Antonio Brown was accused last month by the community he lives in of breaking a security camera and throwing a bike at a security guard on Oct.15, the Miami Herald reported Monday, citing a police report.
Hollywood, Florida police ruled they likely had reason to charge Brown with criminal mischief, a misdemeanor, but the president of the Hollywood Oaks Homeowners Association declined to bring charges, the Herald reported. According to the report, President Sylvia Berman told police she feared Brown could "take revenge on her staff."
Berman told the Herald, "We're not afraid" of Brown, but instead the Hollywood Oaks Board ruled that the incident was not serious enough to be charged and that the now broad recipients of the Tampa Bay Buccaneers agreed to the repair damaged camera.
Alana Burstyn, a spokeswoman for Brown, told the newspaper that all issues between the Homeowners Association and Brown "have been completely and amicably resolved and everyone is getting along well". She added, "I'm not sure who is trying to promote this narrative."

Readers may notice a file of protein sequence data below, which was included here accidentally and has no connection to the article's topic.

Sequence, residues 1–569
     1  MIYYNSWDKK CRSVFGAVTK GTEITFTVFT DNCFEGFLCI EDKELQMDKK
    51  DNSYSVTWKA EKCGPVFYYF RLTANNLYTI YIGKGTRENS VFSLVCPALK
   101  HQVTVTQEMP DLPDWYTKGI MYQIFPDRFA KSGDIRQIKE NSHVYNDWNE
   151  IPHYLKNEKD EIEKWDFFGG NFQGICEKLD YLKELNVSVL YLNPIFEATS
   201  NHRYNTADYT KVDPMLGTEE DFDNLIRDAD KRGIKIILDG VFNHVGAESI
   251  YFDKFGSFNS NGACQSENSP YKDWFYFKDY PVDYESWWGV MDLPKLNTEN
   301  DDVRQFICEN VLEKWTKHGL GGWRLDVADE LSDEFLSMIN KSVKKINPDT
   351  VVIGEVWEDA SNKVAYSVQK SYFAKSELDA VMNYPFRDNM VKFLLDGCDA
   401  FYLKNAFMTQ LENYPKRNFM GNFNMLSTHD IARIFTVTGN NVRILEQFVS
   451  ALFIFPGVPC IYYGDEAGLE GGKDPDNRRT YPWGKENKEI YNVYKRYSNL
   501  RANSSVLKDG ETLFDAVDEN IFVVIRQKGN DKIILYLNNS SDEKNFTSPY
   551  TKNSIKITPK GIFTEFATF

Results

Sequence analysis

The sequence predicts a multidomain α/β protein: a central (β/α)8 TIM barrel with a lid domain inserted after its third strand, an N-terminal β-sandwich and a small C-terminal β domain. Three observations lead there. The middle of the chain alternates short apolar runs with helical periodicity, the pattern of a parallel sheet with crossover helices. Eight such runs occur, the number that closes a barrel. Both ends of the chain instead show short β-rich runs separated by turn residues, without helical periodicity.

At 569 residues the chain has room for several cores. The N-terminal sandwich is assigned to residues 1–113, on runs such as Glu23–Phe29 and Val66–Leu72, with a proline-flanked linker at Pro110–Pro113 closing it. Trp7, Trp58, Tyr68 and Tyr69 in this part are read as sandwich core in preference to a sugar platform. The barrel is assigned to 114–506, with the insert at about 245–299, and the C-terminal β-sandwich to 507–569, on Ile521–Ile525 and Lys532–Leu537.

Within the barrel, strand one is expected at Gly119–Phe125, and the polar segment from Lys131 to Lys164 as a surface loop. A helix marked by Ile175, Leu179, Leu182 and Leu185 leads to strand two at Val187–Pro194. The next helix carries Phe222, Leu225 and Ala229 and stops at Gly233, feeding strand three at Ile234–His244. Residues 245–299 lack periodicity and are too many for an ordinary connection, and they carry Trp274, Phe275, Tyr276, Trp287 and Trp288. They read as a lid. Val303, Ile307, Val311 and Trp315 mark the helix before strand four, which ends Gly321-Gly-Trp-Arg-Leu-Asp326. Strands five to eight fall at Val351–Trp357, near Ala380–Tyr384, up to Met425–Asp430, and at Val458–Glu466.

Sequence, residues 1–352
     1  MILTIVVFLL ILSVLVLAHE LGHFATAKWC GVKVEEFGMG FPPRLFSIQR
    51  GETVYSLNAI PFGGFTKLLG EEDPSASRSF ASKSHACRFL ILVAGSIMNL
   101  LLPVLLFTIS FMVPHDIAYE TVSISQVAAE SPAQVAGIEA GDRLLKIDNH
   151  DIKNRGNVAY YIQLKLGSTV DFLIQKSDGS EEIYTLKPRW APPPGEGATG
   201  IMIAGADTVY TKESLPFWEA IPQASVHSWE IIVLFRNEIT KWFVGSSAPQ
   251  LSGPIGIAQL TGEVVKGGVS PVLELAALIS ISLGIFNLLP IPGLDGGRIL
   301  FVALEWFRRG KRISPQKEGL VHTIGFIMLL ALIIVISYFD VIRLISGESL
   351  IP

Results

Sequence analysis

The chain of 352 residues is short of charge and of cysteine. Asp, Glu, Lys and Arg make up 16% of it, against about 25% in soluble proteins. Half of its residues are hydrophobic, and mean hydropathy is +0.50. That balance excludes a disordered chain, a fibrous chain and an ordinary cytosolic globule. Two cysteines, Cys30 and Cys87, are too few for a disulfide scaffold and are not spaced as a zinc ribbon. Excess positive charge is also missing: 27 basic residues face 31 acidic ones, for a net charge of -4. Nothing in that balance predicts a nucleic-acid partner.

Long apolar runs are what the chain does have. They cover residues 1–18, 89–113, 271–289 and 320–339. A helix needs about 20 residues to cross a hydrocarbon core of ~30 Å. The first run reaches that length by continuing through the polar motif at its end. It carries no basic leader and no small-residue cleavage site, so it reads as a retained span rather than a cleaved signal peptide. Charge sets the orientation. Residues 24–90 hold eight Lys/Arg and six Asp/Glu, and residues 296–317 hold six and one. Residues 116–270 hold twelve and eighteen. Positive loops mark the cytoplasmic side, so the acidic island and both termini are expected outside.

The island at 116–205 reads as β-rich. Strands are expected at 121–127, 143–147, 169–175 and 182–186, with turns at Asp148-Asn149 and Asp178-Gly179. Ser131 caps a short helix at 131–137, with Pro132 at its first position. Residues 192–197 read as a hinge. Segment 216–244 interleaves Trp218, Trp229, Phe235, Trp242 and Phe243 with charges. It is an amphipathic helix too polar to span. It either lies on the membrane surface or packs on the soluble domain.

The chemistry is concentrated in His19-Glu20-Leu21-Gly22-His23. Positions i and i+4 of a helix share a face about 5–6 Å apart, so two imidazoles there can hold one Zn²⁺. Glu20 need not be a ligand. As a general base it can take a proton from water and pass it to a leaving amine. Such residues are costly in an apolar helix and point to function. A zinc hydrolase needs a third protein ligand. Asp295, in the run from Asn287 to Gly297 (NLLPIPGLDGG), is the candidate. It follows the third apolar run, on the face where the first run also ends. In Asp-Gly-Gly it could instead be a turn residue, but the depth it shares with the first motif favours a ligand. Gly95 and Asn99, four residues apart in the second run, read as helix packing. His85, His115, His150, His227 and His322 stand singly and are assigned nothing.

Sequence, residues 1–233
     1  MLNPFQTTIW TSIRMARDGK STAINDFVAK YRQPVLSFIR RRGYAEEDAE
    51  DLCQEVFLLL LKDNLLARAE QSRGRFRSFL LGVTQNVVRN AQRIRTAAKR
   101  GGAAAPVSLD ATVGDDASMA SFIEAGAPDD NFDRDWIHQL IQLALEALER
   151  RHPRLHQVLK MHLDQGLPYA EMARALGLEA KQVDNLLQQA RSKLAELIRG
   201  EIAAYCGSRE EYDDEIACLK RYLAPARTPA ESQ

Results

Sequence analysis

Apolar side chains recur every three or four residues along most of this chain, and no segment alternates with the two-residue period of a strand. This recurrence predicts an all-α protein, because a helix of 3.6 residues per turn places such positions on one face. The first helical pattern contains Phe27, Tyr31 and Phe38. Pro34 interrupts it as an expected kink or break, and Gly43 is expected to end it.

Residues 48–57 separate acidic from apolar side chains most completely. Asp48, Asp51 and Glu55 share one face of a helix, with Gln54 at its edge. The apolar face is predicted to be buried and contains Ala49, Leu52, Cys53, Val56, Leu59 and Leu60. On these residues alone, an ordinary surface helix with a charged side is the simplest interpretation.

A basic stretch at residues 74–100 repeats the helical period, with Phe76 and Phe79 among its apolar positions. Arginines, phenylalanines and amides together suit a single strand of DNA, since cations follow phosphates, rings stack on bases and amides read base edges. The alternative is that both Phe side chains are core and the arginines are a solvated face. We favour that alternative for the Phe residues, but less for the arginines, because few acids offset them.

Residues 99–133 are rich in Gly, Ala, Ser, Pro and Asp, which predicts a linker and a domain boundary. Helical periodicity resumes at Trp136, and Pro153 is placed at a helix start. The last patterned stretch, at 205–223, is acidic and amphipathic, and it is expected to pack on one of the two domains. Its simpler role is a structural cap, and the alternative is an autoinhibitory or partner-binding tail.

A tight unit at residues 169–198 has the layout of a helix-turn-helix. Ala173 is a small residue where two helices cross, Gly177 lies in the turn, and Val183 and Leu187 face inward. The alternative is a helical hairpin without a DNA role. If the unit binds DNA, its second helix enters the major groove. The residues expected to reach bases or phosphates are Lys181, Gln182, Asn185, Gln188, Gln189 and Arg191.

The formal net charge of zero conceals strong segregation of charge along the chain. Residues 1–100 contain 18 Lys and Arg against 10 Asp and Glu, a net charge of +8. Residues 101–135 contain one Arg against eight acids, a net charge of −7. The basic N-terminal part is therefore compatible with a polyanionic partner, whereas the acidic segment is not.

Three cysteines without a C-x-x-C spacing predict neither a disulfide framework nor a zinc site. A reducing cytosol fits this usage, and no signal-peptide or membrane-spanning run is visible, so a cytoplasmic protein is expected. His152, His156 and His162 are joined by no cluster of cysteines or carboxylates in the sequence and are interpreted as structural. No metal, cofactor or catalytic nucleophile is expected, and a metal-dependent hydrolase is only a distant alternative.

The case was closed by the Hollywood Police Department on November 5, the Herald reported.
It is unclear whether the buccaneers were aware of the incident before agreeing to sign Brown earlier this month.
Brown has a history of outside of the field problems. Before joining the Buccaneers, he was banned from eight games for multiple violations of the NFL's Code of Conduct. He had been the subject of an NFL investigation after an artist who worked there in 2017 alleged sexual misconduct in his home. In June, he also made no plea for a battery-charged crime break and two minor misdemeanor charges related to a January incident involving a moving company outside his Hollywood home.
Brown has 10 receptions for 100 yards in the two games he played for the Bucs this season.